At my primary school there were two options for lunch orders – fish and chips, or hot dog and chips. Then they bought in a healthy option, a whole Sally Lunn bun. Fortunately, much has changed in the lunchbox world since the 1970s. Not only were the bought options not the best fuel, but I remember one of my best friends having jelly crystals in her sandwiches, different colours on different days of course. My mother was a lunchbox whizz. She used to call them ‘love boxes’. Her theory was she could fill them with good food – and good thoughts – that would keep us sustained throughout the day.
Now though my own children are becoming more independent and doing an increasing number of chores about the home, I’m holding on to making their lunchboxes myself. Like my mother, I like the thought they are getting a little bit of my TLC throughout their busy day. To be fair our lunchboxes tend to be far better stocked at the beginning of the week, after the shopping has been done, than they do on Friday. But I try to work on the principle of always including protein, whole grains, fruit and vegetables. After having a child at school for four years I have learned that a chopped apple is far more likely to get eaten than a whole one, and food needs to be divided up into portions for brain snack, morning tea and lunch. Chewy bread and anything that takes too long to eat is rejected because it cuts into valuable playing time.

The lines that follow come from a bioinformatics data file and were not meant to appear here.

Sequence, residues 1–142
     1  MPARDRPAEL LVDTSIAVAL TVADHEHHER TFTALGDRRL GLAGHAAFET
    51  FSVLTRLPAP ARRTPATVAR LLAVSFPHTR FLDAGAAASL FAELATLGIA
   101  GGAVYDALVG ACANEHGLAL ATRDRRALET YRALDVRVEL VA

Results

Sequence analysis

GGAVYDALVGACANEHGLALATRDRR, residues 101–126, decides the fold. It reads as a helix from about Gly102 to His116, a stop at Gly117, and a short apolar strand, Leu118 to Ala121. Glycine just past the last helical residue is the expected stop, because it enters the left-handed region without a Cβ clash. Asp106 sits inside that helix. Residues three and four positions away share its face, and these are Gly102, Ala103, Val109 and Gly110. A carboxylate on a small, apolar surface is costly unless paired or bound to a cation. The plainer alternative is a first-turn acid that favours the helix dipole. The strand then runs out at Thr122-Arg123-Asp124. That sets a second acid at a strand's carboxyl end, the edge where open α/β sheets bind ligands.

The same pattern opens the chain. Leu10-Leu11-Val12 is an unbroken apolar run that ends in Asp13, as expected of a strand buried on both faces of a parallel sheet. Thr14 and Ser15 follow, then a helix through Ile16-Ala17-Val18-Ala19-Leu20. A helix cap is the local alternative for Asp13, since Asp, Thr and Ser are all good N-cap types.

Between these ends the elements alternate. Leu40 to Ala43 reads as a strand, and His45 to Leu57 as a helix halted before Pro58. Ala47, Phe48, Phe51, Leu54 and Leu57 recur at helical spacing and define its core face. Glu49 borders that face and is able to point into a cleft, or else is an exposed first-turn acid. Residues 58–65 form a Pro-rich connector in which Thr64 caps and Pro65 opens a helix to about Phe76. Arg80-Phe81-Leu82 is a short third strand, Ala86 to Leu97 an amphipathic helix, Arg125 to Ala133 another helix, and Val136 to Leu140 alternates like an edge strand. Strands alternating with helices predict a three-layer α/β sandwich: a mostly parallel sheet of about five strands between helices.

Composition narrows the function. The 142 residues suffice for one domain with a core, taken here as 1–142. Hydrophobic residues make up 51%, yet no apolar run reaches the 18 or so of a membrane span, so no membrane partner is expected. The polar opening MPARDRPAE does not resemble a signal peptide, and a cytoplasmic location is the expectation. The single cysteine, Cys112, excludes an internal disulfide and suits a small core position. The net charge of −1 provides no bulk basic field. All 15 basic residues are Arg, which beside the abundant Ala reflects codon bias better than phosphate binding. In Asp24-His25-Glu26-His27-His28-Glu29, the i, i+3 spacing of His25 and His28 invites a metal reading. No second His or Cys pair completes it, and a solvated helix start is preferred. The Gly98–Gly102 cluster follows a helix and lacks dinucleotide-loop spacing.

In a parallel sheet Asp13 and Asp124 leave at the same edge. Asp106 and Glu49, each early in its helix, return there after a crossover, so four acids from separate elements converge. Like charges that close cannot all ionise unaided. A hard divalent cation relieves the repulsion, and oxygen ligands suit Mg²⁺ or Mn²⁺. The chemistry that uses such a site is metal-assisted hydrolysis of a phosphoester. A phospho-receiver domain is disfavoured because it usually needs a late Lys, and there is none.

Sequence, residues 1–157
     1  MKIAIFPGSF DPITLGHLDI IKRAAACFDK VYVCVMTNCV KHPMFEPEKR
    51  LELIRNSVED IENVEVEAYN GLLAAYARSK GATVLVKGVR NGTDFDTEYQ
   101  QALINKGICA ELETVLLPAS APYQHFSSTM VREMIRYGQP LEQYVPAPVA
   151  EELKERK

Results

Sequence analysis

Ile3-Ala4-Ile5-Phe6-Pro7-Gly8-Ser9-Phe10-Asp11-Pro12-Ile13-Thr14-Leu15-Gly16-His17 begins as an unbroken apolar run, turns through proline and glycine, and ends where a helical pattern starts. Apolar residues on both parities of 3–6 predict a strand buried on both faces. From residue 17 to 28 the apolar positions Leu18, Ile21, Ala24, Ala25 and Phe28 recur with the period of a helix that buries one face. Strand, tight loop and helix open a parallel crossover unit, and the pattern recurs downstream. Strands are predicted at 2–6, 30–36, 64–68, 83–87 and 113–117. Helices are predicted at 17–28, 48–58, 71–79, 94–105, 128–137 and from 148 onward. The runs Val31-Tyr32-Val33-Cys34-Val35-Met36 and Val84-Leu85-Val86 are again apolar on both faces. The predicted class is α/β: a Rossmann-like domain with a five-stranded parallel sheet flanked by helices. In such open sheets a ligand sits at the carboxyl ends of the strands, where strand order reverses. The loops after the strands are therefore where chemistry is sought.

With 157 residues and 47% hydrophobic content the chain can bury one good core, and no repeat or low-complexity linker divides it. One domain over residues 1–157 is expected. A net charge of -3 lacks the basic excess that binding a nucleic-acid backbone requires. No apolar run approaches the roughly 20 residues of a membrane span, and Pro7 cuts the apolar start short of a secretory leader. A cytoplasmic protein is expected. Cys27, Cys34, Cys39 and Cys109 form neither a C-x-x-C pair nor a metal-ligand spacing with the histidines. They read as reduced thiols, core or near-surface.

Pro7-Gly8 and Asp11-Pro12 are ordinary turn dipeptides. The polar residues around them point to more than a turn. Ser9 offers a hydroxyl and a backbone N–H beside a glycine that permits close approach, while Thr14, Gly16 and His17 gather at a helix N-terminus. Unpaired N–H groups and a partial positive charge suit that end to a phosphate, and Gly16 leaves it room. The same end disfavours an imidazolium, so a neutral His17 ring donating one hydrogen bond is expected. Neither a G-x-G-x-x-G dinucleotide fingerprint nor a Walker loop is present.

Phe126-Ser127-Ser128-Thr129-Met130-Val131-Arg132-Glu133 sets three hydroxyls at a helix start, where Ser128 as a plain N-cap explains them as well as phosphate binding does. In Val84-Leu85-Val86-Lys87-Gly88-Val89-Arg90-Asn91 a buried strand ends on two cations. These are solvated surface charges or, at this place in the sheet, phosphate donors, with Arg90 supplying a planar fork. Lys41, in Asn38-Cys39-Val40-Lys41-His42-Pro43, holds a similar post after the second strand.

The love part varies. It might be a message written on a banana, a sweet treat for a special occasion, or a note hidden under a sandwich. They’ll make your children feel special.